Malahoo Forte hints at J’cans deciding on final Appeal Court if… Loop Jamaica

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Minister of Legal and Constitutional Affairs, Marlene Malahoo Forte, is not ruling out the possibility of a referendum being held to determine the contentious issue of which jurisdiction will be Jamaica’s final appellate court.

“When you’re making substantial shifts in the nation, you may sometimes have to make an indicative call from the people, and the matter of the (final appellate) court is a fundamental matter,” declared Malahoo Forte at Wednesday’s post-Cabinet press briefing.

Jamaicans have been divided on the issue, with some strongly supporting the United Kingdom (UK) Privy Council remaining as the island’s final court when the island becomes a republic.

Others believe that the Government should stage a referendum on the matter, a previously that was adopted by the now governing Jamaica Labour Party (JLP) in the past.

Opposition Leader Mark Golding, speaking at a press conference on Tuesday, said the People’s National Party (PNP) is not in favour of a referendum to choose the island’s final court, as there is no legal requirement to do so within the country’s constitution.

Moreover, he said Parliament can entrench the Caribbean Court of Justice (CCJ) as the country’s final appellate court.

In weighing into the matter at the post-Cabinet press conference, Malahoo Forte said if the division remains one where Jamaica’s final court should rest, then Jamaicans will have to be polled on the issue.

“In one breath I’ve heard it said, ‘Don’t take the pulse of the people on it.’ But if we remain as divided as we are, we may have to hear from the people formally,” she maintained.

The minister said in the past, there were three options to choose from relative to the appellate court.

“At one stage there were three options before us, (including) acceding to the appellate jurisdiction of the Caribbean Court of Justice.

“Believe it or not, there are many Jamaicans who are saying retain the Privy Council in spite of all of the challenges, and I think after the (Vybz) Kartel (appeal) case I see so many discussing the matter,” Malahoo Forte stated.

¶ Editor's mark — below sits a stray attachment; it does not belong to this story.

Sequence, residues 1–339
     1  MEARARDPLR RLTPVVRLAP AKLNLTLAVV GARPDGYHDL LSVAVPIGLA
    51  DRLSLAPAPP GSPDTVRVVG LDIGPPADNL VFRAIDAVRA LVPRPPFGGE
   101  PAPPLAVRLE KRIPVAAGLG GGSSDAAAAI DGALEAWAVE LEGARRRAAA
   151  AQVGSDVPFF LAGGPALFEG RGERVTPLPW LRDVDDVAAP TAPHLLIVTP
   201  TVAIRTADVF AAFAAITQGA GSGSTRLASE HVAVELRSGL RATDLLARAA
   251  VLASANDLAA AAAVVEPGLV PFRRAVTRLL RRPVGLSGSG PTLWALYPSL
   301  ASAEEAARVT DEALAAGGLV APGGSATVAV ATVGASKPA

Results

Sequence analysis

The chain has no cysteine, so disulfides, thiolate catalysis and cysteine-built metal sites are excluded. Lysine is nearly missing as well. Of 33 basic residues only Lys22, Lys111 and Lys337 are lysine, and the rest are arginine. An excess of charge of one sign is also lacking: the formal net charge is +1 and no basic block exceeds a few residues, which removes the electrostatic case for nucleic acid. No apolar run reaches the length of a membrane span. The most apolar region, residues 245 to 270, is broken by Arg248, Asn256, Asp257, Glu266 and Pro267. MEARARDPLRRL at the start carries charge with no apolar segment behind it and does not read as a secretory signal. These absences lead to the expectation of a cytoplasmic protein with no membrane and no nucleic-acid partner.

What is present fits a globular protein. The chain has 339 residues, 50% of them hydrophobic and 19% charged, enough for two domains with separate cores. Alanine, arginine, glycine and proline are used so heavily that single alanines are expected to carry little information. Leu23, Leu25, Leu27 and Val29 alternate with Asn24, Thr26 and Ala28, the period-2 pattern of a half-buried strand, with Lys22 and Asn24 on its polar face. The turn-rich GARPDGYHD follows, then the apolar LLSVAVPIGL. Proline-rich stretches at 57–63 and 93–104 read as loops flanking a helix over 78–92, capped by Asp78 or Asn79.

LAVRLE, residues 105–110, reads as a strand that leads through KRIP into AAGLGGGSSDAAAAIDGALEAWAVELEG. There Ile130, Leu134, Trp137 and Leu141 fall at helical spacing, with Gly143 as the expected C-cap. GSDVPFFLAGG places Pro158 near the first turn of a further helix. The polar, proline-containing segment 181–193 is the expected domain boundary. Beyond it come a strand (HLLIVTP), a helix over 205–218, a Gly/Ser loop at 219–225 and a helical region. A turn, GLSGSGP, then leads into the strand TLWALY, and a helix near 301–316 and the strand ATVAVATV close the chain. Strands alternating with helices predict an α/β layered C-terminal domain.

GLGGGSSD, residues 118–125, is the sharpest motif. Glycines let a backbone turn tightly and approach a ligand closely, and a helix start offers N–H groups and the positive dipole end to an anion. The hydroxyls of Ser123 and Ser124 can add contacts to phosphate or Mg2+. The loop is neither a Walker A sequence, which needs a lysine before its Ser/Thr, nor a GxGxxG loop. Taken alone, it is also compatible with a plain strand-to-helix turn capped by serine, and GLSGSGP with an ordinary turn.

At the same time, she said some have floated the idea of a local final appeal court.

Meanwhile, Malahoo Forte is maintaining that the decision on Jamaica’s final appellate court will be discussed in phase two of Jamaica’s constitutional reform process, this despite Golding’s insistence that it should be dealt with in phase one.

She said Prime Minister Andrew Holness will respond to Golding’s letter concerning issues taken with recommendations that were made by the Constitutional Reform Committee (CRC).

That response is to include Holness’ position regarding Jamaica’s final Court of Appeal.

“The prime minister will respond to the letter sent by the Leader of the Opposition, essentially raising three issues.

“The first had to do with the matter of the final (appeal) court, and we were always of the understanding that having accepted that the process would be phased, (but) what they (the Opposition) required was a clear timeline as to when we would get to the issue, and we said then and say again that the intention always was to get the Bill in to deal with the abolishing of the monarchy as the form of Government, and then begin the work on the final (appeal) court,” said Malahoo Forte.

Golding called on Tuesday for Holness to state his position on whether he would support the CCJ as the country’s final appellate court.

Any change to Jamaica’s final appellate court would require a two-thirds majority vote in both Houses of Parliament.

A prior attempt under the PNP Administration in April 2015 was abandoned, due to a lack of support from the then Opposition JLP.